Review on April 30, 2009
For many years evening primrose oil has been taken by women suffering from menstrual and menopausal headaches or mood swings. Although there have been limited scientific trials of this natural remedy, many women find that it helps relieve otherwise uncomfortable symptoms. During menopause it can be taken to help calm hormone levels and reduce the likelihood of hot flushes, mood swings and painful headaches.
Although in some cases headaches during menopause can be caused by symptoms such as lack of sleep, irritability and stress, researchers have made links between these headaches and the increase in estrogen levels in a woman's body during menopause.
Evening primrose oil contains a pain-relieving compound called phenylalanine, hence it being used to treat chronic headaches. However, it is becoming increasingly obvious that excessive use of evening primrose oil may in fact cause headaches and painful migraines.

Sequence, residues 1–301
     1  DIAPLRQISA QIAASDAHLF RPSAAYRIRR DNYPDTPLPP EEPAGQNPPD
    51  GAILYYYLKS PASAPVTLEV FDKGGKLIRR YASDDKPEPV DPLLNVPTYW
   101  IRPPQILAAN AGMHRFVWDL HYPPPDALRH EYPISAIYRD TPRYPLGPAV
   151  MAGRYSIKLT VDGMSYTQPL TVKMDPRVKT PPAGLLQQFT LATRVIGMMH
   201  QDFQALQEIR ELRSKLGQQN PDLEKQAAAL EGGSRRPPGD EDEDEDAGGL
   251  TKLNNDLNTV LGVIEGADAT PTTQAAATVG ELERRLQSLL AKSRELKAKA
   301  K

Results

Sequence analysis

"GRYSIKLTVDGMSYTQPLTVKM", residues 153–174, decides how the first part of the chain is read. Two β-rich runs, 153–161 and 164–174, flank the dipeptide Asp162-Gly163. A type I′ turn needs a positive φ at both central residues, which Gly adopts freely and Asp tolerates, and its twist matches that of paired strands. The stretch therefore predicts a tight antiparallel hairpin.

J Kleijen, who wrote a recent study for the British Medical Journal notes that, ".reported side effects include nausea, softening of the stools, and headache." A trial which was undertaken to establish the best quantity of this supplement for treating menopausal side effects and headaches, tested dosages ranging from two to 16 capsules of 500 mg. A dose of three to six capsules twice a day was found to be the most effective amount for an adult, without causing headaches or stomach pains.
Evening primrose oil has been known to cause seizures in a few cases, and although this is very rare, researchers emphasize the importance of checking with your doctor before you start taking the supplement and not taking it with other strong medicines.
- Khoo SK, Munro C, Battistutta D. Evening primrose oil and treatment of premenstrual syndrome. Med J Austr 1990;153:189-92.
- BMJ 1994;309:824-825 (1 October) Kleijnen ,Editorials: Evening primrose oil